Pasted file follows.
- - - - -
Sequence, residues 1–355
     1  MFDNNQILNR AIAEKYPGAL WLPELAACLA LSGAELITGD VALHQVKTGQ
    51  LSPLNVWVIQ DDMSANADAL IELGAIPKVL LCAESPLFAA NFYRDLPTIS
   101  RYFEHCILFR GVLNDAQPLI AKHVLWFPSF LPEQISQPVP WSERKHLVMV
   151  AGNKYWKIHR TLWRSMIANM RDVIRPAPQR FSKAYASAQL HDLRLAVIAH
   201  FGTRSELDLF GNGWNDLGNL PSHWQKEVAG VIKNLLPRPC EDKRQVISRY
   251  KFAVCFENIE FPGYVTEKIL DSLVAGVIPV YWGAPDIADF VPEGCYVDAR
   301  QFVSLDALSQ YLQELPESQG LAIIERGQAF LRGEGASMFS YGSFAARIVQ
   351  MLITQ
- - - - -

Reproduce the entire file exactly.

Sequence, residues 1–355
     1  MFDNNQILNR AIAEKYPGAL WLPELAACLA LSGAELITGD VALHQVKTGQ
    51  LSPLNVWVIQ DDMSANADAL IELGAIPKVL LCAESPLFAA NFYRDLPTIS
   101  RYFEHCILFR GVLNDAQPLI AKHVLWFPSF LPEQISQPVP WSERKHLVMV
   151  AGNKYWKIHR TLWRSMIANM RDVIRPAPQR FSKAYASAQL HDLRLAVIAH
   201  FGTRSELDLF GNGWNDLGNL PSHWQKEVAG VIKNLLPRPC EDKRQVISRY
   251  KFAVCFENIE FPGYVTEKIL DSLVAGVIPV YWGAPDIADF VPEGCYVDAR
   301  QFVSLDALSQ YLQELPESQG LAIIERGQAF LRGEGASMFS YGSFAARIVQ
   351  MLITQ